Vox Pop

Tracey Emin’s summer fantasy is to design a chain of own-brand lidos, inspired by her Margate youth. What classic product or service associated with fine weather would you wish to revive or redesign, and why?

‘There’s absolutely no question that my contribution to Emin’s lidos would be a reissue of the gorgeous 1959 Fiat ‘Jolly’, open-top versions of either the Cinquecento (500) or Seicento (600), which were built by Ghia. Nothing evokes the idea of summer better: white wall tyres, bodywork in ice blue or sunburst yellow and wicker seats. Some were even available with a stria canopy top. “La vetturetta ideale per vostro svago” – the perfect little car for your amusement, the ads said. I saw one the other day and felt a solid rush of pleasure.’

Stephen Bayley, Managing director, Stephen Bayley

‘The sandcastle is up for a change. I would like to transform the bucket shapes of rather grandiose castles into more contemporary and accessible iconography for children. I imagine a beach with rows of semi-detached houses and privet hedges instead of castles with moats. I wonder whether children would start “competing with the Joneses” and trying to make better sand cars than their neighbours?’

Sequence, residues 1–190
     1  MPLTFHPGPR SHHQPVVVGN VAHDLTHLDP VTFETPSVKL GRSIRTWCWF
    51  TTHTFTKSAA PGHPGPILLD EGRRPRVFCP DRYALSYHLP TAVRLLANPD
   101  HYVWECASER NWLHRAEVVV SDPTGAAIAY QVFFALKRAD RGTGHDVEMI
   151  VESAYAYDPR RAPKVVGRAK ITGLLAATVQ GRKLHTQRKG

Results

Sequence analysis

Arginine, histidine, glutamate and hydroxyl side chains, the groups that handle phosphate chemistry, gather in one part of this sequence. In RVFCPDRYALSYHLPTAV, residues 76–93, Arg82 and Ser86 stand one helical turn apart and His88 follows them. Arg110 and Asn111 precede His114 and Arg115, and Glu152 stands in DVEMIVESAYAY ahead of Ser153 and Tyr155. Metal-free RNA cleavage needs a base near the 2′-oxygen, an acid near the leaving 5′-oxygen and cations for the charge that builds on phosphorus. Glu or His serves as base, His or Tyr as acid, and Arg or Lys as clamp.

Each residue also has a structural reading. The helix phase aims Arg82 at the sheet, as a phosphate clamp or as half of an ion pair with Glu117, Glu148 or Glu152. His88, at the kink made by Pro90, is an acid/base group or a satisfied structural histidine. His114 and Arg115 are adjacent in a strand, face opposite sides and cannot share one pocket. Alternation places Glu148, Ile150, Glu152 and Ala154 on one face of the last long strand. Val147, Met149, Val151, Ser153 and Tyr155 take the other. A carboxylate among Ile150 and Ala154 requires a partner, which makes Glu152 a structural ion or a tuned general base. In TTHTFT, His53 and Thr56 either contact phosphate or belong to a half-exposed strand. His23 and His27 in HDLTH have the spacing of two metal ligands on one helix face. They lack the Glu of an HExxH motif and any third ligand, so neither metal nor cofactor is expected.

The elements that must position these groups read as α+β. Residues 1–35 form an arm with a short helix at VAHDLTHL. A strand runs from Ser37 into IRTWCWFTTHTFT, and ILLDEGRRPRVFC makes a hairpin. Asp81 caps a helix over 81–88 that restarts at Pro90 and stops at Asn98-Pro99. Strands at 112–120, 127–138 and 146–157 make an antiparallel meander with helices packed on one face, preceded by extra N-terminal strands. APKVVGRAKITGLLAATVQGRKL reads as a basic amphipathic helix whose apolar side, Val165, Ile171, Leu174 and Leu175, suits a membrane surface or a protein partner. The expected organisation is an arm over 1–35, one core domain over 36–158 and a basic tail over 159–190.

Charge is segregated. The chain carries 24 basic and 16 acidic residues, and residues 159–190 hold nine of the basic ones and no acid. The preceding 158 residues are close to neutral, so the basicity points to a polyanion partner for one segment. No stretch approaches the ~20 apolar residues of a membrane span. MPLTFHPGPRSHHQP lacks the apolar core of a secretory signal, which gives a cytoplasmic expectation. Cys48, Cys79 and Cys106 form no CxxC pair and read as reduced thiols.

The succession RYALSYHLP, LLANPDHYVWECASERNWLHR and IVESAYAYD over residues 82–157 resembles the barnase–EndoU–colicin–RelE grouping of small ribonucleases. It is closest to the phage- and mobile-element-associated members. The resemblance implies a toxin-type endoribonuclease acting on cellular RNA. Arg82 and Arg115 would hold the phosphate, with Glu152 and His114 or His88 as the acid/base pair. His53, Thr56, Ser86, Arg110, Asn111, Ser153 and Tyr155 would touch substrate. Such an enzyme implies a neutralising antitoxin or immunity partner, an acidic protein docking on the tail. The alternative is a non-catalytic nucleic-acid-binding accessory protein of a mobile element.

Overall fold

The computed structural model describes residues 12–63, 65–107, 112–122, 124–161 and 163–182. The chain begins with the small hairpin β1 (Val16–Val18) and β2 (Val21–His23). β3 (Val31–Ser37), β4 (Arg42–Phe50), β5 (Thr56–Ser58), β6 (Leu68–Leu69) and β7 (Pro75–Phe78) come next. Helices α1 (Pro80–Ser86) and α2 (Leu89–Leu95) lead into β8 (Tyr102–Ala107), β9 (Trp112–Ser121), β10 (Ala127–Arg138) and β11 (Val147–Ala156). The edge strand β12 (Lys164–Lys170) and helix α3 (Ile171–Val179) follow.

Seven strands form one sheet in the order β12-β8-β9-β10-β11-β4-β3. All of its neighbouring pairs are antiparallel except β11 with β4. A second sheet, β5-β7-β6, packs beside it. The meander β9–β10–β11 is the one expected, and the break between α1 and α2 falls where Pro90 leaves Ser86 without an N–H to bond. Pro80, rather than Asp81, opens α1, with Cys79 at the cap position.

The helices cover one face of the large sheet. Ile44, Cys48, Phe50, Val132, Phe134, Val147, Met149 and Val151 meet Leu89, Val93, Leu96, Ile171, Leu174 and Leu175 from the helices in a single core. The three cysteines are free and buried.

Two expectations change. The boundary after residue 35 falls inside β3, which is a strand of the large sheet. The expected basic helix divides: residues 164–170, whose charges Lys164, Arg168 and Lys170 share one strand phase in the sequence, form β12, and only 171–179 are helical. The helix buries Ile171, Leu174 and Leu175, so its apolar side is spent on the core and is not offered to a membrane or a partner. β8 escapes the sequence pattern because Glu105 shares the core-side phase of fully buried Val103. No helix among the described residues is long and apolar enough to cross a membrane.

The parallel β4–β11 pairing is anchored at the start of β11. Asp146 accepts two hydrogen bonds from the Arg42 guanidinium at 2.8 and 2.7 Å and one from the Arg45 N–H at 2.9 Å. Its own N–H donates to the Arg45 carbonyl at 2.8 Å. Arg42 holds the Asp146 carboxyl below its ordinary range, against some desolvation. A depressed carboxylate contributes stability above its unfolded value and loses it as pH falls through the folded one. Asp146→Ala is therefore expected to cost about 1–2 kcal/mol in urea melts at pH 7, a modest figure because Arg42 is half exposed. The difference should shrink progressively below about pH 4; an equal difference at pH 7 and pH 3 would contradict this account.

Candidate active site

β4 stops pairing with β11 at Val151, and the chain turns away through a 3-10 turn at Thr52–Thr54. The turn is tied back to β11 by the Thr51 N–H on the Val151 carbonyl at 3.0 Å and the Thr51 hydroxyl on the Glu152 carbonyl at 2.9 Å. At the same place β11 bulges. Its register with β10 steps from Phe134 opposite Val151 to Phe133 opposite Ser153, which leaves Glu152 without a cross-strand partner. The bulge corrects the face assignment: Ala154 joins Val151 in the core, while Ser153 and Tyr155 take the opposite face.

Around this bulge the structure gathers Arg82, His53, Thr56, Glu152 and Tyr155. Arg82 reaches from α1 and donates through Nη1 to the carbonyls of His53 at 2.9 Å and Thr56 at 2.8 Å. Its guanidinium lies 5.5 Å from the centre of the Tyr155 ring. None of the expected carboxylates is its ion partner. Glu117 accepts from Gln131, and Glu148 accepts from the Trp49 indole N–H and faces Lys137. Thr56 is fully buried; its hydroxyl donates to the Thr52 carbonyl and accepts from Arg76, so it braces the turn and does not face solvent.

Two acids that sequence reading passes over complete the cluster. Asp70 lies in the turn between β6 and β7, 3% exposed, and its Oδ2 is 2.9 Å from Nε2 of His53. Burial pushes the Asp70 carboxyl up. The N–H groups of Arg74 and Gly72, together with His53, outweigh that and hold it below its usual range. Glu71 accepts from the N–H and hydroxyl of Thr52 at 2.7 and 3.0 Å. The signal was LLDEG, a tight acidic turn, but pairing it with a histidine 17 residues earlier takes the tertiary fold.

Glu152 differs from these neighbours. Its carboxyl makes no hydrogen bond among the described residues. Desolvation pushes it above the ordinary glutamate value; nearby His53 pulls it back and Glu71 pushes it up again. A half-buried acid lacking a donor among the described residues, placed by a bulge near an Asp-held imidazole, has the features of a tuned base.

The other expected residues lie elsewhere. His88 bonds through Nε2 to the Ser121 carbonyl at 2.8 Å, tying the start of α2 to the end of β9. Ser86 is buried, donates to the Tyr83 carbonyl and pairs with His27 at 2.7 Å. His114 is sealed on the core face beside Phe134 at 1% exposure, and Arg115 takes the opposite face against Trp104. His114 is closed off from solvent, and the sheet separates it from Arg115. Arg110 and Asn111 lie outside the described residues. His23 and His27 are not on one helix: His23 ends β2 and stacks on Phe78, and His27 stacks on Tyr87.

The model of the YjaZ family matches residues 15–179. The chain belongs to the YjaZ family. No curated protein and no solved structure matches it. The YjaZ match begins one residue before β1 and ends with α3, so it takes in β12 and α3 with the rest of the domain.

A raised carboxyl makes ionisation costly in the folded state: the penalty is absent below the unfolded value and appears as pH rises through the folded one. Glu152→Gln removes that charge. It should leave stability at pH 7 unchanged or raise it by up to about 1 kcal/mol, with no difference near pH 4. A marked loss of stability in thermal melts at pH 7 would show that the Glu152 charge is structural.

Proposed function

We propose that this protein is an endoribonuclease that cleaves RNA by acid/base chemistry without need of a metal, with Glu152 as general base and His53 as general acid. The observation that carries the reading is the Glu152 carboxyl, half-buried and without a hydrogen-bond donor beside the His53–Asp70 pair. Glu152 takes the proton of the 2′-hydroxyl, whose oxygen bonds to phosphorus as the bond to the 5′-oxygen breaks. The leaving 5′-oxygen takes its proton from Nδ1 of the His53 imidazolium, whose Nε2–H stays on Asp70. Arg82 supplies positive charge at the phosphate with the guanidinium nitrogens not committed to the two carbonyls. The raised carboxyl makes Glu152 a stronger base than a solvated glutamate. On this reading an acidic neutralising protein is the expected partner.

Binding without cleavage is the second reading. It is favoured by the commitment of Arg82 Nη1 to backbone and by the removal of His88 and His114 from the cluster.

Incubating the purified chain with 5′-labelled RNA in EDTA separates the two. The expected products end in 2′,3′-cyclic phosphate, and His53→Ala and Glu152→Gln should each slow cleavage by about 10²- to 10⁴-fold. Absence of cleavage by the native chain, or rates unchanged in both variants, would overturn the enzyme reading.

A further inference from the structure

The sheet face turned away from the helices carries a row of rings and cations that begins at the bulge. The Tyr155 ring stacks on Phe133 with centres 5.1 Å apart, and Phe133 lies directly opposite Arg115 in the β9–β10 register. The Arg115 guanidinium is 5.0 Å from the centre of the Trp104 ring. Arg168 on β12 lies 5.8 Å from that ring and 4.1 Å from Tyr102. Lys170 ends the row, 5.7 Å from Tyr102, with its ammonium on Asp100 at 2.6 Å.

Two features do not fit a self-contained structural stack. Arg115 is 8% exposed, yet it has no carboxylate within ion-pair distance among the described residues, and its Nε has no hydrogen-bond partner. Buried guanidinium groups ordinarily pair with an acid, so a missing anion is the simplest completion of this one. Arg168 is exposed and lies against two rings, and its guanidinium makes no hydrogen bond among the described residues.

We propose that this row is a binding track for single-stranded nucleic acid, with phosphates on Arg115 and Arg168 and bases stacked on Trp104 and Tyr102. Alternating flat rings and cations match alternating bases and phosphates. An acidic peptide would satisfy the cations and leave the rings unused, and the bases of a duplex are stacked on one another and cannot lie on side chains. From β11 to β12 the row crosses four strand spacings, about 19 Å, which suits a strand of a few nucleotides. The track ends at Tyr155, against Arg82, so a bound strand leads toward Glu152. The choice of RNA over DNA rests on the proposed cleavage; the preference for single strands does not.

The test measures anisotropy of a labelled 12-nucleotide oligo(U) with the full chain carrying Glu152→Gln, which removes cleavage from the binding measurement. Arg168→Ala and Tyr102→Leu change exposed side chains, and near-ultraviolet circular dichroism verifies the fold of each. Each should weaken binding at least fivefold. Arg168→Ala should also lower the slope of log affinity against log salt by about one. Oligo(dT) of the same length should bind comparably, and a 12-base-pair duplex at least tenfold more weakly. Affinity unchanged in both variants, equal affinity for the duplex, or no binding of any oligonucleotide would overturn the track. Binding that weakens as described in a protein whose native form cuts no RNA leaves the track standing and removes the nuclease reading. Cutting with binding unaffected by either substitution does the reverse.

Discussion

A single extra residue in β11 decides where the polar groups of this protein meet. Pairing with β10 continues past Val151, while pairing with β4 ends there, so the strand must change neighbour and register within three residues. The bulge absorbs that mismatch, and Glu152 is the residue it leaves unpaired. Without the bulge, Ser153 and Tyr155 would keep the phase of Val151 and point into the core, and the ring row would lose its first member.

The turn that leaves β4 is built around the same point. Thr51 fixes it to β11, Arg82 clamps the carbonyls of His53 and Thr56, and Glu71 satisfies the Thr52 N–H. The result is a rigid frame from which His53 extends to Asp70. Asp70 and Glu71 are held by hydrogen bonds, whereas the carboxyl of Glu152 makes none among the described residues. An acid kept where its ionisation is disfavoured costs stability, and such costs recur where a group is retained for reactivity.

Natasha Chetiyawardana, One Year On award-winner

‘As a south Londoner, I’m bound by the classic red Routemaster buses. Why they all have to have their heating on in the summer is a complete mystery to me. I’d have to design a bus for good weather, not just the London winter. A bus with a sun roof, where the windows could be opened, without upholstered seats smelling of pee or hot fuming diesel engines. A bus that would enhance that eternally wonderful moment of crossing the Thames on a sunny day.’

Luke Pearson, Creative director, Pearson Lloyd

‘I’d definitely love to design an ice cream that didn’t melt – that would just make my hot summer’s day.’

Micheal Johnson, Principal, Johnson Banks

‘I think it’s time we created a proper beach in London. I’d like to get rid of all the roads along the northern Embankment and make a long tree-lined beach promenade. Then we’d need to clean up the Thames and design a beach that moved with the tide. London’s designers would have a fantastic new hang-out space within the city and I could finally stop dreaming about moving to Barcelona.’

Malin Wallen, Studio manager, Why Not Associates

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